If the Bible is the word of God, its prophecies must come to fruition. There are dozens of prophecies that have not yet occurred, here are just a few.
Christ will rapture His church (II Thessalonians 4:13-18).
The enemies of Israel will attempt to invade her (Ezekiel 38-39).
The antichrist will attack Israel (Daniel 11).
Jesus will defeat the antichrist in battle (Revelation 19:11-21).
The Jews will embrace Christ as Messiah (Isaiah 60).
Jesus Christ will rule the earth from Jerusalem for a thousand years (Revelation 20, Isaiah 16:5).
As you can see, the majority of these predictions involve the nation of Israel. Is it just a coincidence that the nation of Israel has reappeared on the historical radar after almost 2,000 years? God has big plans for the Jews. The fact that the Jewish people have survived the last 2 millennia is a miracle in and of itself.
2. The Bible means what it says and says what it means.
Imagine picking up a historical nonfiction book about the Roman Empire. When reading about Julius Caesar, you would naturally associate him with the Roman world, ancient military tactics, you may possibly think about your own receding hairline and such.
Unless otherwise instructed by the author, you wouldn’t begin looking for hidden symbolism in the text. Caesar doesn’t represent Barack Obama. The city of Rome doesn’t represent Washington DC. It’s just a historical narrative, not a Dan Brown novel. Why then do we assign so much figurative symbolism to scripture where none is needed?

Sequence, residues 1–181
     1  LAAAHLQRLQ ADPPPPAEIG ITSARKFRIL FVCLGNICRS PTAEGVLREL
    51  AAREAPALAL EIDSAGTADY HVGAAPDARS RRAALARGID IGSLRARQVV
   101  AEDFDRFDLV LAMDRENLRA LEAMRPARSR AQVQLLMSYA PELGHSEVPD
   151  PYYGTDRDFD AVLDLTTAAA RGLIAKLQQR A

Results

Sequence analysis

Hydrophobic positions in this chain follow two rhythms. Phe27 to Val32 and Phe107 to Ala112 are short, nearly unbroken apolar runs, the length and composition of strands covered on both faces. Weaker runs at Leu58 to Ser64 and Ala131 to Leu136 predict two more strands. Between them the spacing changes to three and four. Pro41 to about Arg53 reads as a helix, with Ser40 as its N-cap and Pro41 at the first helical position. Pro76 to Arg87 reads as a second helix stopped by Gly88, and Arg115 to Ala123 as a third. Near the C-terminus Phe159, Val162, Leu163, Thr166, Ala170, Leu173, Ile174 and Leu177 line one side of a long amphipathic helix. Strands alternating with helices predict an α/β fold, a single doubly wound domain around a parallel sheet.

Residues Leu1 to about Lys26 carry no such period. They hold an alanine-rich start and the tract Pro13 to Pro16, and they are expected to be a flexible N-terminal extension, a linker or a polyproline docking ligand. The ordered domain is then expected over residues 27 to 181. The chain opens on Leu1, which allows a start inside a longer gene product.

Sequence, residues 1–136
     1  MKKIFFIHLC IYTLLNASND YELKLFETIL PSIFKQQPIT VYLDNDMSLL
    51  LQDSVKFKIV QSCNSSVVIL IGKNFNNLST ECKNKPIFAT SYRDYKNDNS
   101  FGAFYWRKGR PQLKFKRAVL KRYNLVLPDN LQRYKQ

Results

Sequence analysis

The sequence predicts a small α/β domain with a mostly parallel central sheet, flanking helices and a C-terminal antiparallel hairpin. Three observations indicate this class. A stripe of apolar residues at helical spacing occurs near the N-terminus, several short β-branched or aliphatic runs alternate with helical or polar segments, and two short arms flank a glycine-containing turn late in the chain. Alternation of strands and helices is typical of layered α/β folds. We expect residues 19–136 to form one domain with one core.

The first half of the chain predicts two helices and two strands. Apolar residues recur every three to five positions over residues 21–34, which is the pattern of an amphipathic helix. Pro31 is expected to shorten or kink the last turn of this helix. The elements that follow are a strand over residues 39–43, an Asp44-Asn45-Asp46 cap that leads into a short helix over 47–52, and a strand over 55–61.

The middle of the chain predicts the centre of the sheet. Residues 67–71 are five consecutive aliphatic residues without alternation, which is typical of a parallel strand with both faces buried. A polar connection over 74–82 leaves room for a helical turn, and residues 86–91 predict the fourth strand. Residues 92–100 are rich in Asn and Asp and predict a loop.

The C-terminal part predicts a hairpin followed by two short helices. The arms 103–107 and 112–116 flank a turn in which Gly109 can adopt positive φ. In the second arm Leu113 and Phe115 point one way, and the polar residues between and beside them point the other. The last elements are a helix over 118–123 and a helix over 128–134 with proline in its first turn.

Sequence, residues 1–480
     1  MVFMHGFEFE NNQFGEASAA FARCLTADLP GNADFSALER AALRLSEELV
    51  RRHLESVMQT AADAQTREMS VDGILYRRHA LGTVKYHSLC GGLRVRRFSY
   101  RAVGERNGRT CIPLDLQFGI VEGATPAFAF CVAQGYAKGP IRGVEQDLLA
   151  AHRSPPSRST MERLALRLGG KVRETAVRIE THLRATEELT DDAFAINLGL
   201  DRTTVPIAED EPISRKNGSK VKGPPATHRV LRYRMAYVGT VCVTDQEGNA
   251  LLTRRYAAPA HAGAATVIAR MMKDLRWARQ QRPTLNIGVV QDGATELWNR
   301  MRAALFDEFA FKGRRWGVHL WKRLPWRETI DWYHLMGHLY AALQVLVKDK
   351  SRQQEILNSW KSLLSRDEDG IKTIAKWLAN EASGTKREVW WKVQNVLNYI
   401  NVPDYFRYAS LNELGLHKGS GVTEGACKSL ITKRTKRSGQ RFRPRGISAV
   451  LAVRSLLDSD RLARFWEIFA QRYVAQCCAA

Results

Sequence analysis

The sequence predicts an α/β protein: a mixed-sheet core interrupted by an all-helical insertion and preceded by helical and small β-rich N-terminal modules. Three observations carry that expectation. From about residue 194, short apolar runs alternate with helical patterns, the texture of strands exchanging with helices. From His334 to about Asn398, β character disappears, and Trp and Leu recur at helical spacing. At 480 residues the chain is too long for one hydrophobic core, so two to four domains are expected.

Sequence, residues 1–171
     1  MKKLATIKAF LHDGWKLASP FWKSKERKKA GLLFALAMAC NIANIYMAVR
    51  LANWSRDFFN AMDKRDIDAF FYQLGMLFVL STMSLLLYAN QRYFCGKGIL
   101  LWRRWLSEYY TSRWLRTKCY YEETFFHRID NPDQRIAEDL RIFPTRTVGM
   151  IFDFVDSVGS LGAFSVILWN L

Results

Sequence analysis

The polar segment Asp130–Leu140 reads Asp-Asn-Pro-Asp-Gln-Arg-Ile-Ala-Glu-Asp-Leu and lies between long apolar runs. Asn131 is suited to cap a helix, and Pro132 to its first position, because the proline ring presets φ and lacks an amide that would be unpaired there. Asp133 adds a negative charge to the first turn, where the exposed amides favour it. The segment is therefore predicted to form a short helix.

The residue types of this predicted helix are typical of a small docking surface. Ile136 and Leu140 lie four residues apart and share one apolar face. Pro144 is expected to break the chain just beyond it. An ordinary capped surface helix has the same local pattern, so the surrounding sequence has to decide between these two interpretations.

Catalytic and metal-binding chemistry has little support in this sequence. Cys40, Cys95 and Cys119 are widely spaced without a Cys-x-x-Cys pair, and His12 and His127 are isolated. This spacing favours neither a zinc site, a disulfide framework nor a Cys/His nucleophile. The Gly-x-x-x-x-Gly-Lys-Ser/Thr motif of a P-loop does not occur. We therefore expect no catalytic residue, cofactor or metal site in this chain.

God never intended His word to be difficult, mysterious, or confusing. Salvation is simple – faith in Jesus Christ for the forgiveness of sin. Why do we make Bible prophecy so difficult?
Granted there are difficult passages that do contain symbolism, most notably the book of Revelation. Yet even in these symbolic passages their meaning is explained either in the same passage or elsewhere in Scripture.
3. Context, context, context.
As Ezekiel was writing along the banks of the Euphrates River, he wasn’t musing about the fall of the New York Stock Exchange or the rise of the Chinese military. His writings on the restoration of Israel pertained to the Jews of Israel, not Gentile Church age Christians.
Jeremiah and Isaiah foresaw the destruction of Babylon, a Middle Eastern-based city that will have tremendous power in the future. They did not see the collapse of the United States.
Old Testament prophets had no concept of the Church. They knew of a coming Messiah, but all of their prophecies focused on Israel. Contextually, it is impossible to interject Gentile Christians into the writings of Old Testament Jewish prophets.
Importance of Prophecy
Those who dismiss Bible prophecy ignore almost forty percent of scripture. Fulfilled Bible prophecy is one of the ultimate evidences for the validity of scripture. Just as God used prophecy to tell His people of the coming Messiah 2,000 years ago, He continues to use prophecy giving us hope of Christ’s return once more.
The Bible is an amazing book, not only because of its message of redemption for mankind but also because of its miraculous prediction of future events. This New Year as you sign up for that gym membership or quit those destructive habits for good, add “studying Bible prophecy” to your New Year’s resolution list!
Jeremy Stevens is a historian, author, and teacher. His latest book, "So What Happens Next? Exploring Biblical Prophecies to Make Sense of Today's Chaos" is available at all participating bookstores.